If there's a pair of shoes I'd rather not be in, it would be those of Marka Hansen's, Gap's North American president. This lady, who has held six senior executive titles in Gap since 1995, is now defending the brand's latest venture- its new logo.
The American giant unveiled its new image this week on numerous sites, including its official webpage and Facebook, creating a revolution amongst its fans. In an interview with the Huffington Post, Hansen states Gap wants to be “more relevant to its customers”, with an evolution reflected on its products. “The natural step for us in this journey is to see how our logo – one that we’ve had for more than 20 years – should evolve. Our brand and our clothes are changing and rethinking our logo is part of aligning with that. We chose this design as it’s more contemporary and current. It honors our heritage through the blue box while still taking it forward.”
Some of the feedback on the Huffington Post article has been:
“Your new ‘logo’ looks like it was designed in PowerPoint.”
“Looks like a logo for a paper company.”
“Dear Marka, please fire the Marketing firm!”
“It. Is. Awful. Helvetica is an iconic font, yes. But with that square over the 'p', it's so distracting and annoying; I want to move it with my hand. Reminds me that it should be called Gapº or Gap Squared or something...”
Hansen defended the initiative and took the opportunity to say: “Now, given the passionate outpouring from customers that followed, we’ve decided to engage in the dialogue, take their feedback on board and work together as we move ahead and evolve to the next phase of Gap.”
The company posted this message on Facebook:
“Thanks for everyone’s input on the new logo! We’ve had the same logo for 20+ years, and this is just one of the things we’re changing. We know this logo created a lot of buzz and we’re thrilled to see passionate debates unfolding! So much so we’re asking you to share your designs. We love our version, but we’d like to see other ideas.”
What did people reply to this?
“I only became a fan to make this comment. I am APPALLED that you are crowd sourcing designers for a new logo. It degrades the work that designers do and makes actually paying for good design work seem like a thing of the past. And to all designers that are trying to do a logo... shame on you! A "contest" to design a logo means you are being taken for granted. I will never shop at Gap again.”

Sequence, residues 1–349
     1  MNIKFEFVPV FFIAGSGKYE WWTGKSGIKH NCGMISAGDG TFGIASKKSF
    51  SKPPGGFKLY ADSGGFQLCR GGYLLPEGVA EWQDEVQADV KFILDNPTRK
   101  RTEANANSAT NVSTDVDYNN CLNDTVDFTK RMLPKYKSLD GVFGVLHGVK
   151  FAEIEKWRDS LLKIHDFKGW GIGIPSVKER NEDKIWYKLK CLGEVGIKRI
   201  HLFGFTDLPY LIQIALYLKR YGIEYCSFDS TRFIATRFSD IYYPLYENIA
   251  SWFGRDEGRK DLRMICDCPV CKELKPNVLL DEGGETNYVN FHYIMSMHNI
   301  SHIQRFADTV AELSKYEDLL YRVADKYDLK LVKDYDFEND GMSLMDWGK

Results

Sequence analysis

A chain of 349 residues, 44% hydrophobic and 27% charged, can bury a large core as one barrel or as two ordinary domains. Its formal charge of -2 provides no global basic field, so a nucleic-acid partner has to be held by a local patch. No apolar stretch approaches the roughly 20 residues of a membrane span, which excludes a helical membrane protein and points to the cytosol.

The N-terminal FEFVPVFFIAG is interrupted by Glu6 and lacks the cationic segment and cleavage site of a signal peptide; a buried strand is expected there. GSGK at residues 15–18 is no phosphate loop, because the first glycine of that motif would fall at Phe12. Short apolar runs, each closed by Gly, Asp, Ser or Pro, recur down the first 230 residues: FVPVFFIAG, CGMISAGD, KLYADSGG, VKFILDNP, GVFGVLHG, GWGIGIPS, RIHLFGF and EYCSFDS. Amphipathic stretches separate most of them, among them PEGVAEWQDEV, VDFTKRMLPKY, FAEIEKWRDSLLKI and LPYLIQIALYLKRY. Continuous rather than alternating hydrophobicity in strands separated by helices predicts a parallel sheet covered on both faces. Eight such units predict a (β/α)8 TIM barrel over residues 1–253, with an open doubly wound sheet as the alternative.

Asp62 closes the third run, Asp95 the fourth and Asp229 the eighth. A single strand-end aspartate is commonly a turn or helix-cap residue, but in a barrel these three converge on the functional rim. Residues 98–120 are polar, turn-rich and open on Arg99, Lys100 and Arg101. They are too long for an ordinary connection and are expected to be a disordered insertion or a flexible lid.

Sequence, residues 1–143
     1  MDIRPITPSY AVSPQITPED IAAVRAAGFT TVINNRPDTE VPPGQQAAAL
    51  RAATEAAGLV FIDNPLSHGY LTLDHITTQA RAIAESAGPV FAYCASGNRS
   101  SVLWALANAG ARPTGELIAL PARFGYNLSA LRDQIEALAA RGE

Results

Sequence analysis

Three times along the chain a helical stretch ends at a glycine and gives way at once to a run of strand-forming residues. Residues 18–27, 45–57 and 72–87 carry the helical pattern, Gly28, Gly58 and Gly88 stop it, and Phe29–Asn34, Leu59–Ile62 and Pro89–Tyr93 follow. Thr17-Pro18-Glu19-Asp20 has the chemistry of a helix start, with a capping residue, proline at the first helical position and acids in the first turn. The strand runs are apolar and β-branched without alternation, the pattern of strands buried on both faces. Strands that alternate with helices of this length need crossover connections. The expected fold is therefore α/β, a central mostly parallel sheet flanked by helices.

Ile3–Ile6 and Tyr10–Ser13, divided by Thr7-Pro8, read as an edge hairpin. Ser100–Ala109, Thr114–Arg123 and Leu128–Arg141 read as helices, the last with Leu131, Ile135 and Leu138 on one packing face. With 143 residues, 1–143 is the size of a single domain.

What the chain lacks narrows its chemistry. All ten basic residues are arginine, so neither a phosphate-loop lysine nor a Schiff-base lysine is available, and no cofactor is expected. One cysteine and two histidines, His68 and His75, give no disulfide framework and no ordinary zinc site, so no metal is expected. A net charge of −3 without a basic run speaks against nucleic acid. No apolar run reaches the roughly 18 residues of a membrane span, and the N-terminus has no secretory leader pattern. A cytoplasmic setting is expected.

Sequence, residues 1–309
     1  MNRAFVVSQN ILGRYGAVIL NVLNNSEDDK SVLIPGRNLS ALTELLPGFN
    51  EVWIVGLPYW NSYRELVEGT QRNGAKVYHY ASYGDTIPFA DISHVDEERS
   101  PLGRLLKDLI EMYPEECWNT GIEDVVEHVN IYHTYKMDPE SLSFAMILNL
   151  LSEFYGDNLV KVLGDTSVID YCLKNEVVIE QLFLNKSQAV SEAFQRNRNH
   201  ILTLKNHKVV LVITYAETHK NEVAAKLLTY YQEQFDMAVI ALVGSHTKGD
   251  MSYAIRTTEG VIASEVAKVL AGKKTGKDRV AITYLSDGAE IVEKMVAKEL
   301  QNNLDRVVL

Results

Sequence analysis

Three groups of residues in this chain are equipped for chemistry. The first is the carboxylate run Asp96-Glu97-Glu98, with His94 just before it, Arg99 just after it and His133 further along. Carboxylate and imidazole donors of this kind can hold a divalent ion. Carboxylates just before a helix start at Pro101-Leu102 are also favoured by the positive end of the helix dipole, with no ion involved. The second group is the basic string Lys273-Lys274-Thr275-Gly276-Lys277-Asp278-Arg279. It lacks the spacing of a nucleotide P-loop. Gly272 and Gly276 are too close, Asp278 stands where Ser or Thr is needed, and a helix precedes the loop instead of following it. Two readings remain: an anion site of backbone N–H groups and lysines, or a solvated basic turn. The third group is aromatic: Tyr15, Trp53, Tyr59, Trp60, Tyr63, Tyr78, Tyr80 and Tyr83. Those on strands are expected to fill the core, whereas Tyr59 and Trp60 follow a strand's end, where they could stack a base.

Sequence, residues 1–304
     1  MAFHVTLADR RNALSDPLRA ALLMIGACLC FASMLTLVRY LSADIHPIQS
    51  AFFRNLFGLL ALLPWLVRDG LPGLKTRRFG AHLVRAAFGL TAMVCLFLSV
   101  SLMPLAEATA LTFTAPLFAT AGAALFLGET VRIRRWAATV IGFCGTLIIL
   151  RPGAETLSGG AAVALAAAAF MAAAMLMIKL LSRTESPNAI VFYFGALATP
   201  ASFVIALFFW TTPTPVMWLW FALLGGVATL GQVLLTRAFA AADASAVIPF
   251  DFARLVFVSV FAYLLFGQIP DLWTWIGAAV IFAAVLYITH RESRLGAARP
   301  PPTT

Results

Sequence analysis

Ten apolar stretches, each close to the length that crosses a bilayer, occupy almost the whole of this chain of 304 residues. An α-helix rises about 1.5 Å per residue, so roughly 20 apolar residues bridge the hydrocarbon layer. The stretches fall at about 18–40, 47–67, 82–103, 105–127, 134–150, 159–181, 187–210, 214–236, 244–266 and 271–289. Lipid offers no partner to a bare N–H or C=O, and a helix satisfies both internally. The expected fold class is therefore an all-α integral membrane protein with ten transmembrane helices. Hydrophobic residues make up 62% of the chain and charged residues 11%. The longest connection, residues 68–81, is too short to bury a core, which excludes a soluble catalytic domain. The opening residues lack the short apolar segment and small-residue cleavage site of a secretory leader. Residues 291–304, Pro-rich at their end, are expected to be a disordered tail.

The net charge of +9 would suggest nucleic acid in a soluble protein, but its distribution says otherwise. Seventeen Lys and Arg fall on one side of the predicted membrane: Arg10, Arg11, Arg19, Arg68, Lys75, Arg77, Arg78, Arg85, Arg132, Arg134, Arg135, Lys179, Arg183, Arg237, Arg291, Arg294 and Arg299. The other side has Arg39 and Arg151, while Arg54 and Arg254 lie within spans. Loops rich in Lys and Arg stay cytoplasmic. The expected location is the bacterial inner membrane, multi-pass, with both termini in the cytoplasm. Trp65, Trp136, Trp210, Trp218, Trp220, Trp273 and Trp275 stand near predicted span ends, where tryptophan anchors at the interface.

“Your new logo does not go with the classic designs you sell. “
“Are you a multi-million dollar clothing chain or a used car lot?”
“The new design looks cold, uninviting, and takes the luxury out of the brand.”
“Fire your design agency. Seriously. Then take that money and put it into product design.”
“Microsoft would do well to leverage the fact that GAP's new logo was done in MS Paint.”
And my favorite:
“You execute something that uninspired and then ask for another one for free?”
I couldn’t help but laugh.
I’m amazed on how they practically “threw” away 20 years of brand equity and recognition. The box has been main icon and symbol, and this new logo has decreased and almost eliminated its protagonist presence almost entirely in the new image. I am surprised the change was not subtle, which leaves me to infer that the drastic and controversial change must have been solely performed with the purpose of creating controversy and subsequent interest, hence drawing attention to the brand. Perhaps a social media concoction in order to generate buzz around the brand before the holiday season.
However, in view of the comments and opinions I’ve read throughout the Internet, all I can say is that it's creating negative association and confusion. “There is no such thing as bad publicity.” Yes, but caution. It attracts attention, without a doubt, but it is also a very risky decision affecting not only the perception, but also the identity and feelings toward the brand. If it is in fact a hoax, intended to generate attention with the purpose of later changing it back, how would customers feel? Tricked? Taken advantage of? Just how far can you take a PR stunt?
I suppose in time we’ll see how this plays out. What do you guys think?